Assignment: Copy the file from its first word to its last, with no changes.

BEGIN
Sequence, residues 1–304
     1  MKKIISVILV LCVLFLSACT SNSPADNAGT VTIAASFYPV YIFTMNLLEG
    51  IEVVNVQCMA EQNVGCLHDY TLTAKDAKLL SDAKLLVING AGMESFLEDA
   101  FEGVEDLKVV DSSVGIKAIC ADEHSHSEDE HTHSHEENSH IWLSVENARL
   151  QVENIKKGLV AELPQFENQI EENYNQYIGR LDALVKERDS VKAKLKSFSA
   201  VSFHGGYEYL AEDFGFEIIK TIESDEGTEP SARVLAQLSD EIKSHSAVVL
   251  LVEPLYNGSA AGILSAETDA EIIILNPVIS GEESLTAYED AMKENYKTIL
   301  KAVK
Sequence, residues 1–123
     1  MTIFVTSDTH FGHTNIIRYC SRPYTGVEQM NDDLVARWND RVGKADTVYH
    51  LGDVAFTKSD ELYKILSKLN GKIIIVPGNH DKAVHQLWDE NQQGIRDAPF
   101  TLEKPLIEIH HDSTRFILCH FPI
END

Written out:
Sequence, residues 1–304
     1  MKKIISVILV LCVLFLSACT SNSPADNAGT VTIAASFYPV YIFTMNLLEG
    51  IEVVNVQCMA EQNVGCLHDY TLTAKDAKLL SDAKLLVING AGMESFLEDA
   101  FEGVEDLKVV DSSVGIKAIC ADEHSHSEDE HTHSHEENSH IWLSVENARL
   151  QVENIKKGLV AELPQFENQI EENYNQYIGR LDALVKERDS VKAKLKSFSA
   201  VSFHGGYEYL AEDFGFEIIK TIESDEGTEP SARVLAQLSD EIKSHSAVVL
   251  LVEPLYNGSA AGILSAETDA EIIILNPVIS GEESLTAYED AMKENYKTIL
   301  KAVK
Sequence, residues 1–123
     1  MTIFVTSDTH FGHTNIIRYC SRPYTGVEQM NDDLVARWND RVGKADTVYH
    51  LGDVAFTKSD ELYKILSKLN GKIIIVPGNH DKAVHQLWDE NQQGIRDAPF
   101  TLEKPLIEIH HDSTRFILCH FPI